The Stranger is the latest product of Chilewood, a project started by Eli Roth and Nicolas Lopez with the release of Aftershock, as produced and “presented” by Eli Roth, and directed by Lopez. The project’s goal is to make Hollywood movies in Chile, and with the release of Roth’s long-anticipated The Green Inferno a couple of weeks ago, and the coming release of Roth’s Knock Knock, starring Keanu Reeves, I’d say they were successful in doing so. Lots of people were wondering what Roth was doing in his absence. The guy hadn’t made a film since Hostel: Part II. I told people, back when I started seeing news about Aftershock, that Roth had been assembling a crew of filmmakers, and that we could expect a lot more output from him in the coming years. It appears as if I were right, because Roth, Lopez and writing partner Guillermo Amoedo have been pumping them out for the past couple of years, and there is only more to come. The Stranger is directed by Amoedo, and again, produced/presented by Eli Roth. For me, it may be the weakest of the films released by the production team, but that definitely doesn’t mean that it is without merit.
I don’t think it’s a spoiler to say that The Stranger, at the end of the day, is a vampire film. It’s kind of subtle about it, but if you’ve ever seen a vampire movie, you will have figured this out during the opening scene. It’s a different kind of vampire movie, however. This isn’t bloodsuckers being hunted down and stabbed in the heart by some dashing vampire hunter. This is a grungy tale of a self-loathing vampire, as he travels around as a hobo, in search of his long-lost partner, as explained in the opening scene. If you just recently saw The Green Inferno, you’re going to notice some familiar faces. Actually, go back and watch Aftershock, a good amount of the same actors return in each film from this production team. It’s a collection of Chilean writers, directors, producers, actors, and Eli Roth, and they aim to put genre films in front of your face.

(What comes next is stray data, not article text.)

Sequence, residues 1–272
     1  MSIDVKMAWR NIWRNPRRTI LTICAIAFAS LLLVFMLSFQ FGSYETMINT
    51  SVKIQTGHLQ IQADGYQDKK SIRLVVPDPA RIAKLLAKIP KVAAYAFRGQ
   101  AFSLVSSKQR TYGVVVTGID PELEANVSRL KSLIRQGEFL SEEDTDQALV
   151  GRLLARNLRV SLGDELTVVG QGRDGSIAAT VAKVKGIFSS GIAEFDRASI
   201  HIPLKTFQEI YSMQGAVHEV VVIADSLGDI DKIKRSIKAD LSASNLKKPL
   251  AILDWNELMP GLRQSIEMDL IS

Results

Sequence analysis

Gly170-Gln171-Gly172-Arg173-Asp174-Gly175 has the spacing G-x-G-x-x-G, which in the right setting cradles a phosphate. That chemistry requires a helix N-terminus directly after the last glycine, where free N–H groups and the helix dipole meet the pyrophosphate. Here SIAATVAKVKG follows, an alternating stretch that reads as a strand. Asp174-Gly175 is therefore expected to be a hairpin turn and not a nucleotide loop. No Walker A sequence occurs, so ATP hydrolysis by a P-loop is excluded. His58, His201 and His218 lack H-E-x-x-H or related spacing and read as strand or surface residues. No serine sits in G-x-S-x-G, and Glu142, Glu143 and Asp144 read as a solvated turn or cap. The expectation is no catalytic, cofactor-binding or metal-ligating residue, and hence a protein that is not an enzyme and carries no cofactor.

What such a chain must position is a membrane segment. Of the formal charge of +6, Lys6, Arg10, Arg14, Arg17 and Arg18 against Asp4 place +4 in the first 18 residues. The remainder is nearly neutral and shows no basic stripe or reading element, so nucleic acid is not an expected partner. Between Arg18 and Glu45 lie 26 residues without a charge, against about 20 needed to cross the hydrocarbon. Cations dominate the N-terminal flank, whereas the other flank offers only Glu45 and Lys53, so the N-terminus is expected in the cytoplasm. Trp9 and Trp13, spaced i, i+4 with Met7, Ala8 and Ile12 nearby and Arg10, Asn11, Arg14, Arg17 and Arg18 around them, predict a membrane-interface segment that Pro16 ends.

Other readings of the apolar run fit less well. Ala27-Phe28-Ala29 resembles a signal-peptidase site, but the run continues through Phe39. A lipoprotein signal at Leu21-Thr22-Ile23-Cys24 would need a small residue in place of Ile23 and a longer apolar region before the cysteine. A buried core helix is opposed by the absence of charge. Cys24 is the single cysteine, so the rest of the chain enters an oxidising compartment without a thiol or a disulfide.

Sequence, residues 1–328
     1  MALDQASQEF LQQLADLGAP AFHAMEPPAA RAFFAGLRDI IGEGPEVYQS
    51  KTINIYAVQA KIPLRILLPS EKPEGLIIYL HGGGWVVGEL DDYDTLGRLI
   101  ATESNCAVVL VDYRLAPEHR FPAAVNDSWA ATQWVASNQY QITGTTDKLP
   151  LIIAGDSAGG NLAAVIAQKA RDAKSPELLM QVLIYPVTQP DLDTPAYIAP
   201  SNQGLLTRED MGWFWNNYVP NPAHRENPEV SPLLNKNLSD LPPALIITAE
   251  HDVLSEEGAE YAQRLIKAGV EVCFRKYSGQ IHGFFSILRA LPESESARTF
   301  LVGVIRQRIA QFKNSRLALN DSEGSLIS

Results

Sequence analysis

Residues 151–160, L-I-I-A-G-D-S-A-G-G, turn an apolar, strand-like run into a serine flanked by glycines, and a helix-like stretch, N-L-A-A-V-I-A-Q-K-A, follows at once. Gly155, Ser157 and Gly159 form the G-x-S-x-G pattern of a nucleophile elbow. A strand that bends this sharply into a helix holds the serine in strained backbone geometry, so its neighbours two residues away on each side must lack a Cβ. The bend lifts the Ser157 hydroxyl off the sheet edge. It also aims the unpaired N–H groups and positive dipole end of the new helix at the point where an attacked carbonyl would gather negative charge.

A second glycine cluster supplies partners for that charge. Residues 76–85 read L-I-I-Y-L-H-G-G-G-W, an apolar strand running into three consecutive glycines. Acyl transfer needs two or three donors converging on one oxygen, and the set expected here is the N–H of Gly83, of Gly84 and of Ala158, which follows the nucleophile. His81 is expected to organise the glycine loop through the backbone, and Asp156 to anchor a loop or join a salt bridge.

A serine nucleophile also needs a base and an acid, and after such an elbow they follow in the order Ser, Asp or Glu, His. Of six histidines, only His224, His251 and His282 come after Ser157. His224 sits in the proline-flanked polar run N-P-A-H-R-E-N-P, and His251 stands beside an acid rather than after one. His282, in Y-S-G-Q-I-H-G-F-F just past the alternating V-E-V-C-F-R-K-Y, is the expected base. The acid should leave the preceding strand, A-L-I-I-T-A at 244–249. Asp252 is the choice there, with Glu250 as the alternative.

I enjoyed The Stranger for what it is. It’s not a perfect movie, and if one were feeling petty, one could sit and pick through it with a fine tooth comb, and create a whole list of problems, but I don’t think any of them are deal-breakers. The actor who plays the Deputy Sheriff… I honestly could not tell if his character was dubbed over with another actor’s voice. If so, it synced really well. The voice that comes out of his mouth, sounds nothing like you would think it would just looking at the actor. I’m not saying it’s impossible that it is his real voice, I’m just saying that it sounds dubbed. It’s definitely over-the-top, but in an entertaining, B-movie kind of way. Some of the acting is less than wonderful. It’s a Chilean film, with Chilean actors, but I don’t think it’s a language barrier kind of thing. Some of the line delivery just falls flat. And that’s okay. You don’t watch a movie like this for the Oscar-worthy performances, you watch it out morbid curiosity. You watch it because it has Eli Roth’s name attached to it, and you’re either a fan of what he contributes to the horror genre, or you’re a hating-hipster who just has to see each movie he’s involved with, so that you butt in to every conversation on the internet among people who do Enjoy Roth’s work, so that you can make it known that you are just not a fan. Either way, there’s plenty to like in The Stranger, even if there are some not so great things as well.
I saw The Stranger back when it premiered on VOD, so I was disappointed, when I sat down to revisit it VIA Scream Factory’s Blu-ray release of the film, that there was no commentary to really justify a second viewing of the film. Actually, the extras on the disc are quite scarce. There is a featurette called Welcome To Chilewood, about the group of filmmakers behind this and other movies. There is a “short film” called The Fourth Horseman, which is what I assume spawned this feature-length movie. It is basically the opening scene of The Stranger, with a slight twist at the end. Other than that, there is the Chilean and U.S. theatrical trailers, and that’s it. The picture quality is perfectly fine, no issues to report, the same goes for the audioi quality. It’s a new release film, which features a DTS-HD 5.1 master audio track, and a full-HD 1080p transfer in 2.40: 1, so you know it’s going to look at sound good, unless there was some kind of major error, which there was not. Scream Factory’s Blu-ray release of IFC Midnight’s The Stranger, directed by Guillermo Amoedo, and produced and presented by Eli Roth is now available. You may purchase your copy by clicking this link.